41. PCE1 PCE2 PCE3 Path Keys 2. Trying to reach LSR-L 5. Use path{J,key1} 3. Trying to reach LSR-L 6. Compute DFGJ 4. Compute JKL 7. Use path{D,key2,J,key1} 8. Compute ACD 1. I want to reach LSR-L 13. Lookup key1Answer JKL 11. Lookup key2Answer DFG 9. Use path{A,C,D,key2,J,key1} 10. Signal{A,C,D,key2,J,key1} 12. Signal{D,F,G,J, key1} 14. Signal {J,K,L} C D G L A K F J E B H Old Dog Consulting

  42. Objective Functions • PCEP allows us to convey • Path end points • Desired path constraints (e.g. bandwidth) • Computed path • Aggregate path constraints (e.g. path cost) • But how do we control the way the PCE computes the path? • An objective function specifies the desired outcome of the computation (not the algorithm to use) • These can be communicated in a new object • Minimum cost path • Minimum load path • Maximum residual bandwidth path • Minimize aggregate bandwidth consumption • Minimize the load of the most loaded link • Minimize the cumulative cost of a set of paths Old Dog Consulting

  43. Advanced Uses • PCE has become a very powerful concept • It is being actively examined for use in a wide range of MPLS and GMPLS computation problems • Point-to-multipoint LSPs • Global concurrent optimization • Optical networks • VPN management • Inter-layer path computation • Service and policy management • New PCE cooperation techniques • Operation of ASON routing • Routing multi-segment pseudowires Old Dog Consulting

  44. Point-to-Multipoint Computation Requirements • Support of complex services • High levels of QoS demand multiple constraints • Minimal cost, minimal delay, high bandwidth, etc. • Computing a minimum-cost tree (Steiner tree) is NP-hard • Constraints may conflict with each other • Many multiple ‘parallel’ connections to support one service • Path diversity or congruence • End-to-end protection with link, node, or SRLG diversity • Mesh (m:n) service protection • Congruent paths for fate-sharing (e.g. virtual concatenation) • Control of branching points • Global concurrent network optimisation • Compute multiple trees and consider moving existing trees to accommodate new trees • Consider multiple complex constraints, including lower (optical) constraints Old Dog Consulting

  45. Global Concurrent Optimization (GCO) • Sequential path computation can lead to classic “trap” problems • More likely to arise in larger networks with more LSPs • Standard PCEP allows a PCC to submit related requests for simultaneous computation • Trap problems can also arise from multiple head-ends • GCO allows the coordination of computation of multiple paths • Particularly useful for re-optimization of busy networks • May require consideration of migration paths cost 10 cost 10 cost 5 cost 5 cost 5 cost 10 cost 10 Old Dog Consulting

  46. Optical Networks • Optical network path computation can be split • Impairment-free networks • The main problem is selecting paths with a continuous wavelength end-to-end • The Routing and Wavelength Assignment problem (RWA) • Somewhat more complicated than normal CSPF • Networks with Optical Impairments • Power levels, OSNR, PMD, etc. • Very complex path computations • Large amounts of information required • Considerable processing requirements • Optical devices have limited CPU and memory • Makes sense to devolve path computation to a dedicated server • A lot of path planning in these networks is off-line Old Dog Consulting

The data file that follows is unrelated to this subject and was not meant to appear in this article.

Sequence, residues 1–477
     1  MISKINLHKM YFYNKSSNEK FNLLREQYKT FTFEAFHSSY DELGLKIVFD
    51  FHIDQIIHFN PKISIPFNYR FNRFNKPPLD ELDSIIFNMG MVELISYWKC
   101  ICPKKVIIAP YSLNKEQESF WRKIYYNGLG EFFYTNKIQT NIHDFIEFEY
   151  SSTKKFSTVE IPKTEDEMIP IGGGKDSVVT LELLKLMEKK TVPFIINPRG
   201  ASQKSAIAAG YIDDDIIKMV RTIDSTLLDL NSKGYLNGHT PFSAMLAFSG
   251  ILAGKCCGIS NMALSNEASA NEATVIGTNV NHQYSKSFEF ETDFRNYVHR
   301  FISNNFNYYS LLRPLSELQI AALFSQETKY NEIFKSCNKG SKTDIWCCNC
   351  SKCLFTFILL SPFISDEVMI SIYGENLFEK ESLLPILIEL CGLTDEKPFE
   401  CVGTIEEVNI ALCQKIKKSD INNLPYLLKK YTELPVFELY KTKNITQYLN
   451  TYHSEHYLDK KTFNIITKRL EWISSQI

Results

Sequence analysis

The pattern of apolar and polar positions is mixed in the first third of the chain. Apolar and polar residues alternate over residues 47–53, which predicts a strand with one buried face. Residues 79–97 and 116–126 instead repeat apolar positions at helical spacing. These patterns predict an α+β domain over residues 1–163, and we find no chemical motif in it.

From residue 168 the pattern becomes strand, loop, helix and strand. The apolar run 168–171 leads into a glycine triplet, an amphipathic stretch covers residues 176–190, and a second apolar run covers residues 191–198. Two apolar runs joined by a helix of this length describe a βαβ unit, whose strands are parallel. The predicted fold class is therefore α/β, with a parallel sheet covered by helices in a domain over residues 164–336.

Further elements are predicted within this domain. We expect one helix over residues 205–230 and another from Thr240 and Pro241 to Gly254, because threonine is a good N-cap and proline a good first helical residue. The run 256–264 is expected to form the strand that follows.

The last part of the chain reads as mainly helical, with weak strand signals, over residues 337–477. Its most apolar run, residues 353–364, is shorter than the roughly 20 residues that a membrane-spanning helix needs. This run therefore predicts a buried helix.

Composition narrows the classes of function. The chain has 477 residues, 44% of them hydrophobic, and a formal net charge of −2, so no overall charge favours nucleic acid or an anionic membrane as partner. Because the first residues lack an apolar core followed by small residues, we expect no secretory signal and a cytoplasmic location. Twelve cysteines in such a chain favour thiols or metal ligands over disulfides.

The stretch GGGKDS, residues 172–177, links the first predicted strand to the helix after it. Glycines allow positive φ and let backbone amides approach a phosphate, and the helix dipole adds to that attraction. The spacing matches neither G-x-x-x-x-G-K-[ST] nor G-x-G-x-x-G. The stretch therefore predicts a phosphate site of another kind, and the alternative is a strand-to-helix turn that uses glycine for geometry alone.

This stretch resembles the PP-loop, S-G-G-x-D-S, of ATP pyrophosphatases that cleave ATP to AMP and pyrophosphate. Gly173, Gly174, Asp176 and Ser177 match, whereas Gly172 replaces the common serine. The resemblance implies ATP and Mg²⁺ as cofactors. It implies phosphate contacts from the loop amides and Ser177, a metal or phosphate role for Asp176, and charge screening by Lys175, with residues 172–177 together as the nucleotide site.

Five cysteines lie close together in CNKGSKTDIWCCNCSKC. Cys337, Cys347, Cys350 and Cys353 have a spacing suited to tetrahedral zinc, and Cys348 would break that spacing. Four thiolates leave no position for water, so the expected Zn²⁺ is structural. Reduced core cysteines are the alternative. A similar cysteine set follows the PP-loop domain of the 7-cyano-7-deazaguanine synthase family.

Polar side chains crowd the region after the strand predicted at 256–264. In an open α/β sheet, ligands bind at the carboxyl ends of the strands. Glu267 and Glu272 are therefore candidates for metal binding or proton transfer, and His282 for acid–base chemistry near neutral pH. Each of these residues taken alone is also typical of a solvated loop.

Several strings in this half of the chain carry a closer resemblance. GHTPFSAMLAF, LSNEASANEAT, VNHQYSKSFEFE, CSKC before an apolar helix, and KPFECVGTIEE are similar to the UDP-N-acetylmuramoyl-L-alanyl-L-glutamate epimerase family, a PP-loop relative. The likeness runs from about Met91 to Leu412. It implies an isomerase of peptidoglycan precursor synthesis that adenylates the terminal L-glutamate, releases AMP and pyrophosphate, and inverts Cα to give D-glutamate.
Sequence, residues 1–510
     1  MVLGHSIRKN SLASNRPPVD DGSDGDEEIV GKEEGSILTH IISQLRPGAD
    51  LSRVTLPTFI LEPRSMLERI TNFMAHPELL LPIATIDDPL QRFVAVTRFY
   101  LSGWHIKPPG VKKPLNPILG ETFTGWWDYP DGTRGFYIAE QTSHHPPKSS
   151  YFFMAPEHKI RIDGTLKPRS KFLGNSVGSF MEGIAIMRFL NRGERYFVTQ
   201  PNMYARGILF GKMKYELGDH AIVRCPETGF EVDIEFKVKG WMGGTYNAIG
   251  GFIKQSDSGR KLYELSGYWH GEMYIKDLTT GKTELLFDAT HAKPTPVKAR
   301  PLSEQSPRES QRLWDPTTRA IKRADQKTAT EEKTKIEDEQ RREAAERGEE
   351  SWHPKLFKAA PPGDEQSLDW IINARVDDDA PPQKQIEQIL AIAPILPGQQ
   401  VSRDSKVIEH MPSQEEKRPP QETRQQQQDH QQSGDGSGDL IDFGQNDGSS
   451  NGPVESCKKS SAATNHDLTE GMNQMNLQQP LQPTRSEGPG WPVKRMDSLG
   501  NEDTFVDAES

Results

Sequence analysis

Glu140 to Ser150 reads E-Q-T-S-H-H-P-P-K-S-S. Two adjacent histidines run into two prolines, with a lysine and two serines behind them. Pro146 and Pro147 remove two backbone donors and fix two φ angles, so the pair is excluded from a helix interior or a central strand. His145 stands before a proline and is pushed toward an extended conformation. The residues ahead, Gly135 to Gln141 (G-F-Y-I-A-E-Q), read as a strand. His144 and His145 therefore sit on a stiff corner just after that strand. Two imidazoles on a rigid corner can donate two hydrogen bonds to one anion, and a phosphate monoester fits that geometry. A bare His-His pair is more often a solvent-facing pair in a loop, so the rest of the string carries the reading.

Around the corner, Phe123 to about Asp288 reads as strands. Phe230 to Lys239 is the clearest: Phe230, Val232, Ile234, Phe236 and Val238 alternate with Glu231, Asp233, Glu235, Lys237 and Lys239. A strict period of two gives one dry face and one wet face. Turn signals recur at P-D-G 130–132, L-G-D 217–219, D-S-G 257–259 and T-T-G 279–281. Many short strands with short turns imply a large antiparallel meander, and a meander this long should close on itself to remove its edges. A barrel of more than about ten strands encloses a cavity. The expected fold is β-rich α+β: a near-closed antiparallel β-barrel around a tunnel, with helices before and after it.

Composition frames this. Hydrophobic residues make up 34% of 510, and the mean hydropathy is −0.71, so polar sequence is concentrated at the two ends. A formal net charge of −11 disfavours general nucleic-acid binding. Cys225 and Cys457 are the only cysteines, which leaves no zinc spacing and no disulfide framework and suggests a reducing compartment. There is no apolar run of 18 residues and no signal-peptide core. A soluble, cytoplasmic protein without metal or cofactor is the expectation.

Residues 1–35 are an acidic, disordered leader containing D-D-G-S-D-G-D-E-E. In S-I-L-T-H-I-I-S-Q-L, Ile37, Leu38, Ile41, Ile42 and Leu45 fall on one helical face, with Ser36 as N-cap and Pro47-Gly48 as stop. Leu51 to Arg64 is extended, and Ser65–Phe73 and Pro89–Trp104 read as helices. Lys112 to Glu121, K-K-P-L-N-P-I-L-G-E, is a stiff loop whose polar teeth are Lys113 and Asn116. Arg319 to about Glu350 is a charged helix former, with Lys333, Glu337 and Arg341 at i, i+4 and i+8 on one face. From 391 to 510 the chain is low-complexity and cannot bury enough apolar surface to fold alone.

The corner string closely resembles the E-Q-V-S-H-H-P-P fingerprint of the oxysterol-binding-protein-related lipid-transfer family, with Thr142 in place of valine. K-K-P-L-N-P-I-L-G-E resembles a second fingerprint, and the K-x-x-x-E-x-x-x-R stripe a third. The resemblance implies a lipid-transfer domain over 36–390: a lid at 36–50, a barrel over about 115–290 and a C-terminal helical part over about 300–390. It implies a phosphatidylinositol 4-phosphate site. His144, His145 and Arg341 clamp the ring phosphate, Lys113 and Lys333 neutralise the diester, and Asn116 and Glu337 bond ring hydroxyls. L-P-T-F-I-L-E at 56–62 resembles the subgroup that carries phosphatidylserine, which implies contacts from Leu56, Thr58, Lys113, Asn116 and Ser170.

47. VPN Management • VPNs provide several routing problems • Network resources may be partitioned for VPNs • There may be policies about how resources are used • There may be policies about which VPNs can share • Network resources may be shared between VPNs • PEs will not know how the network is currently used • CEs may be multi-homed and need to select a PE • The PEs may have different connectivity • Addresses may be scoped per VPN • Multi-cast VPNs are becoming important Old Dog Consulting

  48. Inter-Layer Path Computation • Client/server networks • Several PCE models • Single PCE with multi-layer visibility • Two TE domains, but one PCE can see both of them • Two PCEs without cooperation • Per-domain path computation is used • Two PCEs with cooperation • Some mechanism such as BRPC is used • Separate PCEs with management coordination • Allows the server network to retain control of expensive transport resources Old Dog Consulting

  49. Virtual Network Topology ManagerInteractions with PCE • VNT Manager is a policy/management component • Acts on triggers (operator request for a client TE link, client network traffic demand info, client TE link usage info, client path computation failure notification) • Uses PCE to determine paths in lower layer • Uses management systems to provision LSPs and cause them to be advertised as TE links in the client layer 6. Path computation request and response 1. Compute a path 2. I can’t find a path PCE 3. I failed to compute a path VNTM 4. Compute a path 5. Provision an LSP and make a TE link PCE Old Dog Consulting

  50. Network attachment control functions TRC-FE TED TED PCE PCE Service Management • ITU-T’s Resource and Admission Control Function (RACF) • Plans and operates network connectivity in support of services • Policy Decision Functional Entity • Examines how to meet the service requirements using the available resources • Transport Resource Controller Functional Entity • Provisions connectivity in the network (may use control plane) Service control functions Service stratum Transport stratum RACF RACF PD-FE PD-FE TRC-FE PE-FE CPE PE-FE PE-FE PE-FE CPN Core network Access network Figure based on ITU-T Y.2111 Old Dog Consulting